Opening up APIs and releasing data sets is one strategy big companies – and increasingly, governments – are using to push development and innovation around their core products and services.
Commbank announced it would be opening up APIs to developers last week, while it’s something companies like Xero has used to create an almost cult-like following around its product. More on that here.
But other companies are catching on. This week cloud accounting giant Intuit, which runs QuickBooks Online has overhauled its developer platform to make it easier for developers to integrate with its software.
“We’re focused on delivering an amazing developer experience because we know that the QuickBooks Online platform is only as powerful as the third party apps that connect to it,” Dan Wernikoff, senior vice president and general manager of Intuit’s small business group said.
Intuit Australia MD Nicolette Maury said its developer platform will make it easier to build and test new apps for which integrate into the company’s accounting software.
“It opens the door much more quickly to get started and test,” Maury said.
It also gives developers access to Intuit’s 700,000 cloud accounting customers, of which 7,000 are Australian small businesses. But on the flip side it also enables more solutions to be built for Intuit’s customers.
“We’re really excited about what that means for the developer market here in Australia in terms of giving them access access to a much bigger market,” Maury said.
Terry Hicks, vice president and general manager of QuickBooks Online told Business Insider opening up APIs is a way to meet customer demands.
“Everything that we do is driven by solving our customers’ problems,” he said, adding it’s never been Intuit’s mindset that they have to develop everything in-house.
Hicks said developers want to know the insights companies like Intuit have to figure out where to invest.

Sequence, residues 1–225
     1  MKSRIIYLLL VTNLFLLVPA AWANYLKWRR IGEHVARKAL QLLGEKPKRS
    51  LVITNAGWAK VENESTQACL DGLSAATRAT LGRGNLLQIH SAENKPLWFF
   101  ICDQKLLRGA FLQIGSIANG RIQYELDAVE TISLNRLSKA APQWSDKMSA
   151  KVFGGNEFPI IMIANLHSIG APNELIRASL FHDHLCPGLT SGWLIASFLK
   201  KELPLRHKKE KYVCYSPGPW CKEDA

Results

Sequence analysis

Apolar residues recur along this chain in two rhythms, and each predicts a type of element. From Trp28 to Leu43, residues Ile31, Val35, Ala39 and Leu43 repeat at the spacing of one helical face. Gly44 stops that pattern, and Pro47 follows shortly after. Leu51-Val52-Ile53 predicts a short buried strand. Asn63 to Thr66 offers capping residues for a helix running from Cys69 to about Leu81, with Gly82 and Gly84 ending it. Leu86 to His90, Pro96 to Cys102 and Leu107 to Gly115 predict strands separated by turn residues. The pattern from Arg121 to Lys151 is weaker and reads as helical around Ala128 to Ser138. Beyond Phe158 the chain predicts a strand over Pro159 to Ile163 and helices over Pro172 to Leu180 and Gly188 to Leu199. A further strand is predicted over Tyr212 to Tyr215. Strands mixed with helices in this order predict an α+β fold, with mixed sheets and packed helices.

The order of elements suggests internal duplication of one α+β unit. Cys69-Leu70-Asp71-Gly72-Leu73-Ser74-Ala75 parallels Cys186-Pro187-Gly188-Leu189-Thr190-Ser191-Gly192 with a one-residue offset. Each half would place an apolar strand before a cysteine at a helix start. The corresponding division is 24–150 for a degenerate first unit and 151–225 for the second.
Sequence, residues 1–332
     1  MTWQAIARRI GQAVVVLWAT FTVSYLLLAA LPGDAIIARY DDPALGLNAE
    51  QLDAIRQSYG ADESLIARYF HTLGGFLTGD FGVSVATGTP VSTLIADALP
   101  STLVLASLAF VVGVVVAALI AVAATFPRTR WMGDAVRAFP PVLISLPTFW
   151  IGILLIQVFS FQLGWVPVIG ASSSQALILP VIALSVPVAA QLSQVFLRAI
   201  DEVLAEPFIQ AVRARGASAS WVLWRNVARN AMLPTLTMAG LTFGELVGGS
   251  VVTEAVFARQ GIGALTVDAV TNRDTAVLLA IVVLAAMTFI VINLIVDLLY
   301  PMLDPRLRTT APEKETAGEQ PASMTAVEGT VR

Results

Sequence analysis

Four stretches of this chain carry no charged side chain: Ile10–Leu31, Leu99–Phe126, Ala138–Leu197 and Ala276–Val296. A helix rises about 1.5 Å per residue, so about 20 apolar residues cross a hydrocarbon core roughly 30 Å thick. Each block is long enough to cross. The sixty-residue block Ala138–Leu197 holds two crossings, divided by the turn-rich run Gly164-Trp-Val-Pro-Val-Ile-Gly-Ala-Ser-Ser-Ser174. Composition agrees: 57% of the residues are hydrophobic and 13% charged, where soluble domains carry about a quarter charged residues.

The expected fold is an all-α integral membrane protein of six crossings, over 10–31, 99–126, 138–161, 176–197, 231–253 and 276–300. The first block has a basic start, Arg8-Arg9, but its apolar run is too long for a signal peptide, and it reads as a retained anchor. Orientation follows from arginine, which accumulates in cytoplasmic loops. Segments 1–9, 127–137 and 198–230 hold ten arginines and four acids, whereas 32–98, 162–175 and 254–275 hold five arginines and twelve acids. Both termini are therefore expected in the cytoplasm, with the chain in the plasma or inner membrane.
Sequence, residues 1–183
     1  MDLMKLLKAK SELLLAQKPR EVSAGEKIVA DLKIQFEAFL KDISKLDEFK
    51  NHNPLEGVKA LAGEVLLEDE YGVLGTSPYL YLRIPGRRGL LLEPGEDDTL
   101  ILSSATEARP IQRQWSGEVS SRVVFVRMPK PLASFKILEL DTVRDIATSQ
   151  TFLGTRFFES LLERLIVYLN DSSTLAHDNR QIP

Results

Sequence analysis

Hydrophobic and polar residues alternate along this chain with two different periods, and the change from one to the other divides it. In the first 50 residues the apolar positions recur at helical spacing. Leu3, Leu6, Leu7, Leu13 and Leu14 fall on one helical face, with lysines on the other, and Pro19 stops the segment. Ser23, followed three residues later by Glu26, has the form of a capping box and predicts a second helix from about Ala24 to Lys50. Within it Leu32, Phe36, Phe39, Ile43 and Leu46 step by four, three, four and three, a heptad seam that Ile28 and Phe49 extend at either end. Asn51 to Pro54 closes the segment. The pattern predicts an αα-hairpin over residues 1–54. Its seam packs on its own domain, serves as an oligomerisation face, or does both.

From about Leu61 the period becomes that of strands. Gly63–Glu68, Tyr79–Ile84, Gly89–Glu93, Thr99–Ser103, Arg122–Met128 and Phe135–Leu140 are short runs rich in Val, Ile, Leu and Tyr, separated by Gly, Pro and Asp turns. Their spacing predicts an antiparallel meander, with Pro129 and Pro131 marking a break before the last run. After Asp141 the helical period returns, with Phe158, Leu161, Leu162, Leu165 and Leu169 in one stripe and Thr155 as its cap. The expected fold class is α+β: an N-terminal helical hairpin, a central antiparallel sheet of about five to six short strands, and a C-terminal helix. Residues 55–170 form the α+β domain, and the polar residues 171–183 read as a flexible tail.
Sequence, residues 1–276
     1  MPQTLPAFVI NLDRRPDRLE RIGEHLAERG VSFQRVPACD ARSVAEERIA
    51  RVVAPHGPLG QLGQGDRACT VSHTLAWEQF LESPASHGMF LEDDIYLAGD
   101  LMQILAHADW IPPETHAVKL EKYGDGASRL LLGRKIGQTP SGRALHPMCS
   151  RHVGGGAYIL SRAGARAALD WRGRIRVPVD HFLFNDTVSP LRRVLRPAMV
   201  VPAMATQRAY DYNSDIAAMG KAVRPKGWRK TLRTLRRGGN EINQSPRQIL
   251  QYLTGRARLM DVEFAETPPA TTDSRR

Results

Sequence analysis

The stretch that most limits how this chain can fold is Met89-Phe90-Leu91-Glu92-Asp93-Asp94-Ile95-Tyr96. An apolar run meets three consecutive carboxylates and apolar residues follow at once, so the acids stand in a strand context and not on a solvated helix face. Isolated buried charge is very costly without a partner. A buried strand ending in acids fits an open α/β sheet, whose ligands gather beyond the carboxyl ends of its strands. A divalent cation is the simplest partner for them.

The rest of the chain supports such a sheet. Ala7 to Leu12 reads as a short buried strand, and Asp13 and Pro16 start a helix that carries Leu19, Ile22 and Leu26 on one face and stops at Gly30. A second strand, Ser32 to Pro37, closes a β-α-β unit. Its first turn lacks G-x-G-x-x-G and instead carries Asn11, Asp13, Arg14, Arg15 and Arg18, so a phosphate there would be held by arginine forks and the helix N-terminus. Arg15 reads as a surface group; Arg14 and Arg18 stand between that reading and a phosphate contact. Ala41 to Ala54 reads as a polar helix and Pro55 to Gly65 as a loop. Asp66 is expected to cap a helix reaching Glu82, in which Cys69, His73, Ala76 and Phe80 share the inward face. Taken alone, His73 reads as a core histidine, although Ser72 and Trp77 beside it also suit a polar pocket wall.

At a recent developer day Xero CEO Rod Drury told partners to start focussing on industry-specific problems. Intuit however said it doesn’t want to stipulate where developers should innovate.
“You can narrow the playing field too much,” Hicks said, adding, “We think that developers are going to teach us things and we don’t want to shut that off.”
However Hicks said solutions for schedule-, project- and membership-based or retail-based businesses are in demand, which pretty much covers off most small businesses.
He did say that e-commerce solutions and helping companies manage customer relationships as well as assist with the multi-channel approach companies are having to to deal with these days are bright spots.
“We’re seeing a lot of activity in the e-commerce space, we’re seeing a lot of activity around schedule-based businesses,” he said, adding small businesses are starting to take a “multi-channelled” approach to selling their products or services.
The accounting software sector is in the middle of being flipped on its head as traditional desktop software options become redundant in the face of speedier cloud solutions.
“What I find interesting about the industry is, it is in rapid disruption right now and why we are so optimistic about the space is what we know about the two and a bit million small businesses in Australia is that the majority of them are not using a cloud software product right now,” Maury said.
“There’s a huge amount of space to grow in the market and it’s only early days.”
The cloud accounting offerings operating in Australia appear to all agree there’s still room to grow in the market but Xero has made no secret it’s got its eyes on the US market where Intuit already feels quite at home.
“We’ve made no secret in wanting to be the worldwide leader in every single market we serve,” Hicks said.
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